The ice-cold reality is that grid regulators across the U.S. are struggling to keep the power on during extreme weather. They have been able to avoid more blackouts by ordering energy conservation. But Texas shows that conservation isn’t enough, as government mandates make America more reliant on electric power for everything from heating to cars.
Most Texans use electricity for heating. Many pipeline gas compressors are electrified due to federal emissions rules so the blackouts limited gas deliveries to power plants. They also shut down water pumps and treatment centers.
Yet progressives want to make Americans even more dependent on the grid by banning gas hookups in homes and mandating electric cars. This is a recipe for blackouts nationwide as coal and nuclear plants retire because they can’t compete against subsidized renewables. New England’s grid operator in 2018 predicted outages in the winter of 2024-2025 in most cases it analyzed.

Full editorial ($)
6) Is the electric vehicle bubble starting to burst?
The Daily Telegraph, 25 February 2021

Electric car companies have been valued in the billions despite having no profits or even revenues

Lucid Motors, a Silicon Valley company whose luxury electric cars are due to cost as much as $169,000, has not yet sold a single vehicle. Next year, it expects to sell just 20,000 cars, and it does not expect to make a profit until 2024.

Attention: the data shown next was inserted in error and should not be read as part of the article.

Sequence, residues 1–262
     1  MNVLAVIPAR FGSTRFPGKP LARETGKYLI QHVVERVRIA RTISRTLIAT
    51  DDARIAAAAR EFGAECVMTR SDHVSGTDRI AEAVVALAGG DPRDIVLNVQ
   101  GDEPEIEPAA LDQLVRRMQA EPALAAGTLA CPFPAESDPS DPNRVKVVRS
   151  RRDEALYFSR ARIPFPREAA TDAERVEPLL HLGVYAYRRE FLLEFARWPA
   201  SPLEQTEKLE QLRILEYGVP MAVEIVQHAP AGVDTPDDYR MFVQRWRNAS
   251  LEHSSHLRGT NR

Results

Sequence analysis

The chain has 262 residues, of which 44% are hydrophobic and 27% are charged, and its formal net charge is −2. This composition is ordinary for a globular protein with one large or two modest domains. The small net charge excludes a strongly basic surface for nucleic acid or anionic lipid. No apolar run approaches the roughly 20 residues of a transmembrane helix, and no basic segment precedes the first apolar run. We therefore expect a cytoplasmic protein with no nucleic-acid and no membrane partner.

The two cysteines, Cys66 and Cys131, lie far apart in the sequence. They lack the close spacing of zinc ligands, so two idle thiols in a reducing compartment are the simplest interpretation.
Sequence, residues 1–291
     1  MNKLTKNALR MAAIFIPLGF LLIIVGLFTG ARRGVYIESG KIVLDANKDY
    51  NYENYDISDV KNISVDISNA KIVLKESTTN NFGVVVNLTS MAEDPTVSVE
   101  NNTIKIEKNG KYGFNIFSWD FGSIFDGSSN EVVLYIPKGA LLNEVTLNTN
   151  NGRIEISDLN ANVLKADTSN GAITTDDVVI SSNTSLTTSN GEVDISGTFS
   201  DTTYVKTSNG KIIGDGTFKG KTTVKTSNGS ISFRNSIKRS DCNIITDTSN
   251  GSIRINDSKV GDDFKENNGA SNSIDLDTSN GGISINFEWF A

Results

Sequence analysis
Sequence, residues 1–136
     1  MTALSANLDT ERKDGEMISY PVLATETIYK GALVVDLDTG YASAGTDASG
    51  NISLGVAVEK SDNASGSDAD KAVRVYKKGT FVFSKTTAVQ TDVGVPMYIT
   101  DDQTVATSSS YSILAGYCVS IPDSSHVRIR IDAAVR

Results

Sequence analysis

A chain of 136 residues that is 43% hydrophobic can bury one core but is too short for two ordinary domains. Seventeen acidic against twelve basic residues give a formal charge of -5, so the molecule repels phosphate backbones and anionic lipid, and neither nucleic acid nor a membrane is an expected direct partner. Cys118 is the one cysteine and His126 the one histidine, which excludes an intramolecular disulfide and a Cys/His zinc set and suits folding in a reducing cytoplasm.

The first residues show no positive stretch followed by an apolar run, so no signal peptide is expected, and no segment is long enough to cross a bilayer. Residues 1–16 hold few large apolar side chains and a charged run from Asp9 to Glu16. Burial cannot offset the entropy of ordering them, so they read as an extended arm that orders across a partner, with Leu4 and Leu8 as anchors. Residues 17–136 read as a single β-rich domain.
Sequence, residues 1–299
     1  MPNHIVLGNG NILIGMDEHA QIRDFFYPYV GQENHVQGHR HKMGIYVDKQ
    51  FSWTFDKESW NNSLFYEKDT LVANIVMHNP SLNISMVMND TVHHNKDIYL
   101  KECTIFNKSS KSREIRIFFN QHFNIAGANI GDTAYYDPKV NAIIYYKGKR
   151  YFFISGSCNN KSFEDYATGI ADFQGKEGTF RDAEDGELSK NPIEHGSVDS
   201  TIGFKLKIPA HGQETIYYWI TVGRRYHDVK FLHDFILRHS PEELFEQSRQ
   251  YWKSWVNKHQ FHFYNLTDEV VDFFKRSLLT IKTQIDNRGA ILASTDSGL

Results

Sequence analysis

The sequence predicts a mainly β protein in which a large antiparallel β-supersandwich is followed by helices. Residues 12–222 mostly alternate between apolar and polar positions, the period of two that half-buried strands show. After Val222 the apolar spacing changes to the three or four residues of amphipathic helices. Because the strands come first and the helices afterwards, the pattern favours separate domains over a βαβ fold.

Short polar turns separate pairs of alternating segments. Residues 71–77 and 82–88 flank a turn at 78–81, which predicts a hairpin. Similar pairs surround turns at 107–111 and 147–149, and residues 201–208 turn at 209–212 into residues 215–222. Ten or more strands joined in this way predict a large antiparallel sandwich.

But this week, the company announced plans to go public at a $24bn valuation - roughly that of Peugeot. The listing comes through a merger with an already-listed blank cheque company or “SPAC”, the biggest deal of its kind.
Despite the deal’s size, Lucid’s news was met with disappointment. In the weeks since rumours of the Lucid deal had emerged, investors had bid up shares in Churchill Capital IV, the acquisition vehicle merging with Lucid, to astronomical levels, in anticipation of a much higher valuation. Churchill’s shares fell by 39pc on Tuesday in response.
Lucid’s less-than-forecast valuation may have been an early warning sign that a boom in electric car valuations is coming to an end. 
On Tuesday, shares in Tesla, the lodestar of the battery-powered movement, fell for the second-straight day, while Nio, a Chinese rival, dropped too. 

Both Tesla and Nio actually make and sell cars, but others whose valuations are built largely on expectations fared even worse. Shares in Fisker, an LA-based electric carmaker whose first car is due to go on sale this year, fell 10pc, and Nikola, an Arizona competitor, fell 6pc. 

Fisker and Nikola are among those that, like Lucid, used SPACs to go public at valuations of many billions of dollars. Other examples included electric pickup truck maker Lordstown Motors and charging network ChargePoint. Arrival, a British electric van maker, is set to follow in the coming months as is China's Faraday Future.